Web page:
Traditional milestones no longer accurately reflect the reality of our lives—moments of true growth happen when you weren’t planning for them.
What is a milestone? Any range of television commercials will tell you that it is (not necessarily in this order, but in keeping with the fiction of this whole notion), finding your soul mate, getting married, buying a home at a good interest rate, having children who frolic in the lawn, living to a ripe, old, healthy age with plenty of money for retirement and healthy, happy grandkids making sugar cookies in a sun-filled kitchen while a well-groomed Golden Retriever lopes across the spotless floor.
Of course we know that most people do not live this washed out, exclusionary, stereotypical depiction of the American dream, but if you watch daytime television, or if you’re vaguely aware of magazine articles pitched to the “average” reader or viewer, you’re overly familiar with these images because they’re almost impossible to ignore. Too bad this progression is uninteresting and, for most people, a handful of lies that doesn’t even come close to accurately reflecting the reality of our lives. It’s not the depiction of a milestone; it’s propaganda. Milestones are used to denote a particular part of a specific road or journey, marking distance from or to a pre-determined destination. They also (again, by strict definition) connote a certainty of being on the “right” road.
The problem with the idea of the “right” road is that it doesn’t exist. Almost 20 years ago I was a visiting student in Ireland, and one weekend two friends and I visited the Aran Islands off the west coast. Beautiful, haunted, the celebrated literary landscape of John Millington Synge and countless others. Rocky, foggy coastline; old famine walls stitched through impossibly green grass; houses standing stalwart and singular in the wind; clothes sagging from overburdened clotheslines. We three were set on walking to Dun Aengus, an ancient fort, right on the cliff, half of which had fallen into the roiling sea below. Two hours into our journey we were engulfed by a thick and tenacious fog. We held hands. We could not see each other or where we were going but we walked on, into and a part of the fog, sinking into and then lifting each other out of muddy patches. We bumped into famine walls and scrambled over them, ripping our jeans and cutting our hands. We kept walking, in silence, tacitly agreed on the idea that staying in motion would lead us to our destination or perhaps, if the strengthening roar of the sea was any indication, right over the edge of it.
We eventually found the fort, and the sky cleared enough so that we could see the edge of the land. Our view? Next stop, America. Up until that moment, as a 19-year-old who had seen almost none of the world and had fallen in love with my life through the prism of Dublin and then the Irish countryside, I had never felt so exhilarated, so terrified, so alive. And for almost four hours I had been completely lost, my legs were shaking from fatigue, my mind felt rattled from the stress of walking and waiting, my cheeks hurt from the wind, and my jeans were destroyed. I grew up in the Plains states, where mile markers indicate visible distances, recognizable landmarks, and most of the roads are straightforwardly flat. What can you truly learn from a mile marker? Very little. That day marked a new phase of life for me; it wasn’t marriage, or divorce. It wasn’t becoming a mother, or losing my child, or falling in love for the last time, all of which would come later, all of which would change me, but it was a different kind of love: love of the world, and how generous it can be in those small, unexpected moments.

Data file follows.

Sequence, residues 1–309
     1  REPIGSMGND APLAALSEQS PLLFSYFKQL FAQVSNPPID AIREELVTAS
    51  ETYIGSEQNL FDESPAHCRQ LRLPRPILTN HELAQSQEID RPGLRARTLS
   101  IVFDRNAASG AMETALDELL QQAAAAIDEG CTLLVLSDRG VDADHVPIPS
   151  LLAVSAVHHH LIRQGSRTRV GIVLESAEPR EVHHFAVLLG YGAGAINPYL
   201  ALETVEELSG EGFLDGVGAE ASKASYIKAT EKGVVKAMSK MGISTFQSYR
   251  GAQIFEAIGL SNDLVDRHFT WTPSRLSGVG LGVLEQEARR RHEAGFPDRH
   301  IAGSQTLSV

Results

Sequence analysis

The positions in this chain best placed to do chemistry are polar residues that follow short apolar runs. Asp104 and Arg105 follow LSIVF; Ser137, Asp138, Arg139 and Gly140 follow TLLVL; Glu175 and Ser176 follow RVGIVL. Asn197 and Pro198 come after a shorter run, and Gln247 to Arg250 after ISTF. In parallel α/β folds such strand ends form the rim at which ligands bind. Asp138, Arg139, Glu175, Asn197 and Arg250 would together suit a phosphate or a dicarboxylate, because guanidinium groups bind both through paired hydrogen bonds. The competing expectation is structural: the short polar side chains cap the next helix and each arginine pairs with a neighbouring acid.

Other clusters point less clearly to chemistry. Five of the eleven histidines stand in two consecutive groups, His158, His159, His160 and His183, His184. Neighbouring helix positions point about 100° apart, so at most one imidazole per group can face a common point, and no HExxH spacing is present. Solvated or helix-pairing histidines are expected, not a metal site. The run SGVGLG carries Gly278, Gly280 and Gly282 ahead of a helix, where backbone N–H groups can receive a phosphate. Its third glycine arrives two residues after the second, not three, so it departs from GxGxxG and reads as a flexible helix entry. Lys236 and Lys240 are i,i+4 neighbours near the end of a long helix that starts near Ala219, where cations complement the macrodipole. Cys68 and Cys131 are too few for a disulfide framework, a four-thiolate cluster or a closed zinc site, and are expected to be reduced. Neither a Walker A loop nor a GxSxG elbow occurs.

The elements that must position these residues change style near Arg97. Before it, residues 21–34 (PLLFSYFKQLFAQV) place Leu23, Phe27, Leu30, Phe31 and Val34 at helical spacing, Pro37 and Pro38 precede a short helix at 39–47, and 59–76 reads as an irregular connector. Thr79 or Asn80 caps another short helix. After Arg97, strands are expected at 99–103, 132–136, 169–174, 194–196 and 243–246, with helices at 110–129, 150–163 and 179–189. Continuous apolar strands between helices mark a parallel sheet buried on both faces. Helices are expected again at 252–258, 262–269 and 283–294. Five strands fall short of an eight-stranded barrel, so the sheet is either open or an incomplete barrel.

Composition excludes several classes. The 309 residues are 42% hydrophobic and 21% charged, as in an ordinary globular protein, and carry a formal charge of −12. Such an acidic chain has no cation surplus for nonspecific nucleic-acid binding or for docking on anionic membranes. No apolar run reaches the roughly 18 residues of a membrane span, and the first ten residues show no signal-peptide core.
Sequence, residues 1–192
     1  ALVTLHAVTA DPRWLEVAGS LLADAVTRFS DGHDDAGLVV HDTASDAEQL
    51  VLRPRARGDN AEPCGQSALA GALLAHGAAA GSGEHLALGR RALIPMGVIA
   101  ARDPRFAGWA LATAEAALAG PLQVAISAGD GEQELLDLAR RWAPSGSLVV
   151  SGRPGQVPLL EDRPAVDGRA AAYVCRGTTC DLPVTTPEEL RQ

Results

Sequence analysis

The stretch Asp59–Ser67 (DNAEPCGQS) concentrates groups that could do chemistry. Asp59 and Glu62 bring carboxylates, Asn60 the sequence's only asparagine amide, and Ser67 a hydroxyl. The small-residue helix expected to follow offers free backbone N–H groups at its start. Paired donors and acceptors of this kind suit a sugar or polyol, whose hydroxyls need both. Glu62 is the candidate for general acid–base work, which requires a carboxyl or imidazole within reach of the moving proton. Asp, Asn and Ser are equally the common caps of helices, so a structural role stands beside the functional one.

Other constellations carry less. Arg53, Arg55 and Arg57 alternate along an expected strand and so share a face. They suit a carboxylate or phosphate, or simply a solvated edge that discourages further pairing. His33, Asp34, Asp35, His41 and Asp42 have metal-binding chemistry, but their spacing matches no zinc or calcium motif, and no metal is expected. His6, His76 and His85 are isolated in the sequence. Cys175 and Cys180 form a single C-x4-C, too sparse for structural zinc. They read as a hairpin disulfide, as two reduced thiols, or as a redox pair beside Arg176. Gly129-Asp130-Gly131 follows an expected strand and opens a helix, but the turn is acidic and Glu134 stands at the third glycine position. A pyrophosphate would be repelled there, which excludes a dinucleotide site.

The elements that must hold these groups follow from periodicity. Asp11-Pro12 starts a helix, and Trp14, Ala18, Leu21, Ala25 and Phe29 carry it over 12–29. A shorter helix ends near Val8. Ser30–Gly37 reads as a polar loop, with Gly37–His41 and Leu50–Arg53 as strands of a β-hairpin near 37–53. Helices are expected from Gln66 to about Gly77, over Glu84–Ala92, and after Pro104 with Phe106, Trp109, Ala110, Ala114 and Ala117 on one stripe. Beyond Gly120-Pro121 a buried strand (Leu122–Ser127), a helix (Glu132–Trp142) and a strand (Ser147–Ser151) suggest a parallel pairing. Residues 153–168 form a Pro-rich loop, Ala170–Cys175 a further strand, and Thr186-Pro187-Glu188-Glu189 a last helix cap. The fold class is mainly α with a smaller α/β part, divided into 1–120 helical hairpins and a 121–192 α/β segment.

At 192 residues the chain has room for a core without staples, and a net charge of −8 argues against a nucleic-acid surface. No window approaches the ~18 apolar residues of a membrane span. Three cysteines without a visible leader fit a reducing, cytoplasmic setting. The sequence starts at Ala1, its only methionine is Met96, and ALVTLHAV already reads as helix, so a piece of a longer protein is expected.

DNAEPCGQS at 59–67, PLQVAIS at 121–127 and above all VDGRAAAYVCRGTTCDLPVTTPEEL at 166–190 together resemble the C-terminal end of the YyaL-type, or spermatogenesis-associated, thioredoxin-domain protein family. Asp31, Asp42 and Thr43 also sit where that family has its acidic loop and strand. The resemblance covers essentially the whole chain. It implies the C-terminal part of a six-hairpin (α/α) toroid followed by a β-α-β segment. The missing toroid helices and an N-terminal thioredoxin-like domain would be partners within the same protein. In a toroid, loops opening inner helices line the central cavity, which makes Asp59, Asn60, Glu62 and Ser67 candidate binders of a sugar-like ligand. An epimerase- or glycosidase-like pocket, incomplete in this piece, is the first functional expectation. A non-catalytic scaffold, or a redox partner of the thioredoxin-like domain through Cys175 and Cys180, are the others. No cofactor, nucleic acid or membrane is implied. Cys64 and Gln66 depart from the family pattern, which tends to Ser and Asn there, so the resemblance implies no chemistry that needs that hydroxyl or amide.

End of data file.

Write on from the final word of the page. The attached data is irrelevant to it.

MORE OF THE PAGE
We turned around as the sun fully emerged, and now we could see the path we had taken (or had we? There was no way to know), and that afternoon we all fell asleep on the beach to the sounds of seals slipping in and out of the water. It is this image—the light, the clouds, the sunshine, the heat of the sand, and the slip-song sound of the seals, that has comforted me in the days after my son’s death: Ronan, whose name meant “little seal.” Could I have planned, through a series of particular decisions corresponding to traditional “milestones” to find that image, and that day, that had meant so much to me? Never. But it has stayed with me all those years, together with the people who were a part of it, and a part of that year. I trace those memories and they are precious to me, as clear as any photograph.
Life is about scattered, secret milestones and occasional cliffs. The photographs and memories that stay with you in indelible and powerful ways are perhaps not the moments from your wedding, your divorce (which nobody documents with a camera, although maybe that should change, too), or maybe even the birth or death of your children, your parents, or spouse. Maybe it’s that one dinner party in the middle of winter when the snow fell against the windows and everyone was happy, even if just for one moment; maybe it’s the time you pawned your wedding ring and got a tattoo to mark the occasion; maybe it’s the time you woke up in the morning and recognized the feeling of happiness for the first time in years; maybe it’s the time you spent all day in a strange city, wandering around an art gallery by yourself, speaking to nobody.
It may not be someone else’s “right” road, but it’s your road, and you can travel it however you please. Milestones are not about points on a line; they’re about moments of the self when it is most tethered to the world, and also (and because of this) the most free.
For Colin Murphy
Emily Rapp, a regular contributor to Role/Reboot, is the author of Poster Child: A Memoir (BloomsburyUSA, 2007) and The Still Point of the Turning World (Penguin Press, March 2013). She is a professor of creative writing and literature at the Santa Fe University of Art and Design in Santa Fe, New Mexico.